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Papa John's franchise owner charged in sales tax theft

Ajay Choudhary, 38, of Levittown, the owner of

Ajay Choudhary, 38, of Levittown, the owner of a group of Papa John's pizza franchises in Nassau County, was charged with stealing more than $800,000 in sales tax revenue over a seven-year period, county prosecutors said. (March 12, 2013) Credit: NCDA

The owner of a group of Papa John's pizza franchises in Nassau County pleaded not guilty Tuesday to charges that he kept more than $800,000 in state sales taxes his restaurants collected from customers.

Ajay Choudhary, 38, of Levittown, "kept sales tax revenue instead of remitting it to the state" from May 31, 2005, until Aug. 31, 2012, the Nassau district attorney's office said in a statement.

"Mr. Choudhary made a victim out of every New Yorker when he stole taxpayer money that is earmarked to fund the operation of our state and its essential programs," District Attorney Kathleen Rice said.

Choudhary's lawyer, Robert Kelly of Manhattan, said Tuesday the charges are improper. "My client denies that he owes $800,000. There appear to have been some accounting errors on the part of the state."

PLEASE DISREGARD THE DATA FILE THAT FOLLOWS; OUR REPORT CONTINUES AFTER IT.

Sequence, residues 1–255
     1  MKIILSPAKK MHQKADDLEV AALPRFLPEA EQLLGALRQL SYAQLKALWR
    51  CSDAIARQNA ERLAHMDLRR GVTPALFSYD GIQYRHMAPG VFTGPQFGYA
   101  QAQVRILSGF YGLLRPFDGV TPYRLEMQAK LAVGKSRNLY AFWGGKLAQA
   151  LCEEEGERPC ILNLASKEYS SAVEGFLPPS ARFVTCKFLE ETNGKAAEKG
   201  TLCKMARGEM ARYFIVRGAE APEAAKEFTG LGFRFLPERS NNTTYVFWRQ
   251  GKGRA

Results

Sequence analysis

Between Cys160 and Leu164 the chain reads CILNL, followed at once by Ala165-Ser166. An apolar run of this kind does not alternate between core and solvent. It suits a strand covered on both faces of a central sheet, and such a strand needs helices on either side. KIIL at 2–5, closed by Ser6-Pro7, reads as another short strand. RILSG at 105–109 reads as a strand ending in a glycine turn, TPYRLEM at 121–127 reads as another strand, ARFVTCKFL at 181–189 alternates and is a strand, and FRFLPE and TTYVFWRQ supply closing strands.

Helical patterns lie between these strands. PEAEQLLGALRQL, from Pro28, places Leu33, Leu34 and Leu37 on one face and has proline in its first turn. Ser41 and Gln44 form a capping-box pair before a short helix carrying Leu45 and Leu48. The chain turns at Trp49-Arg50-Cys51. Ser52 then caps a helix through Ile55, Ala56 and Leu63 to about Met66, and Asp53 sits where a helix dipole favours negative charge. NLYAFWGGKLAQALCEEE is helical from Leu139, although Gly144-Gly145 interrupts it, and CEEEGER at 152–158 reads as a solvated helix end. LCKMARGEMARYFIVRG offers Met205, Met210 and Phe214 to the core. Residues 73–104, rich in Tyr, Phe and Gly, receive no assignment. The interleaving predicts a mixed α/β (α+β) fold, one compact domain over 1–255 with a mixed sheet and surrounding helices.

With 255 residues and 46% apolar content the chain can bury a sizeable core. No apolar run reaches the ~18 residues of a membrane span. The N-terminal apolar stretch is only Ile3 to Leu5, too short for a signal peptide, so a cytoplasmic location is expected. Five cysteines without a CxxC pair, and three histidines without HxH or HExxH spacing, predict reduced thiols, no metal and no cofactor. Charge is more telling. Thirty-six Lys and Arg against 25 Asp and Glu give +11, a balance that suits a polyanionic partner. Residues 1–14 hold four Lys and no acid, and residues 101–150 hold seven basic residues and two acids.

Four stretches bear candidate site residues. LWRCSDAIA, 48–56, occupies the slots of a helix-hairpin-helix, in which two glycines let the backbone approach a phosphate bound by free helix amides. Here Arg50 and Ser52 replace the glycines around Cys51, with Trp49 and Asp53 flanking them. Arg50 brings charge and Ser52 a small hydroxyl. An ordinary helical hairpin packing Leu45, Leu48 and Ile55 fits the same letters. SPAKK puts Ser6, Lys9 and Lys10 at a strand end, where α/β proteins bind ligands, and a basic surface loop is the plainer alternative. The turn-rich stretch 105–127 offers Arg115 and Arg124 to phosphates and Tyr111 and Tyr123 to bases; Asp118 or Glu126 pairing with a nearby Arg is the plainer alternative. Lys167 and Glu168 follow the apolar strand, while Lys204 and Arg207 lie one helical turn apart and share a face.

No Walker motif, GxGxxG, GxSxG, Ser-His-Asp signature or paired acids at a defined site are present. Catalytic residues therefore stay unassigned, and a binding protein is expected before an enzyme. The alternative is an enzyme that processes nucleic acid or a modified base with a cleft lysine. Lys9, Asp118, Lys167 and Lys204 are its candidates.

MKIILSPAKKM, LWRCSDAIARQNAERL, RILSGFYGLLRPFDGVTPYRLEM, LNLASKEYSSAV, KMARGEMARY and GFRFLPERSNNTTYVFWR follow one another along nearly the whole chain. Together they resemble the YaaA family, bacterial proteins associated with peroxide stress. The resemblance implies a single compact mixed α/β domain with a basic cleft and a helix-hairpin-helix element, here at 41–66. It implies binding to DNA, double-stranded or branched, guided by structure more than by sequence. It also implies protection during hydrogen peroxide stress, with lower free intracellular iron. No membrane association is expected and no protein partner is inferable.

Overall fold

District attorney investigators arrested Choudhary earlier Tuesday. He is charged with second-degree grand larceny, three counts of second-degree criminal tax fraud and 19 counts of first-degree offering a false instrument for filing. He is due back in court Friday.

Nassau District Court Judge David McAndrews ordered Choudhary held on $100,000 cash or bond. He could face up to 15 years in prison.

Choudhary owns Papa John's in Freeport, Inwood, Uniondale, Valley Stream and Hicksville, and formerly owned one in Farmingdale, prosecutors said.

Choudhary's arrest was the result of a joint investigation involving the district attorney's office, Papa John's International Inc., and the state Department of Taxation and Finance, prosecutors said. A spokesman for Papa John's did not respond Tuesday to a request for comment.

"We are ensuring a level playing field for the vast majority of businesses that comply with their tax responsibilities," state Commissioner of Taxation and Finance Thomas Mattox said in the district attorney's statement.

In the statement, Rice said Choudhary "collected sales tax from customers but failed to remit more than $800,000 of that tax revenue to the state, as well as falsified quarterly tax returns in which he underreported sales at his restaurants."


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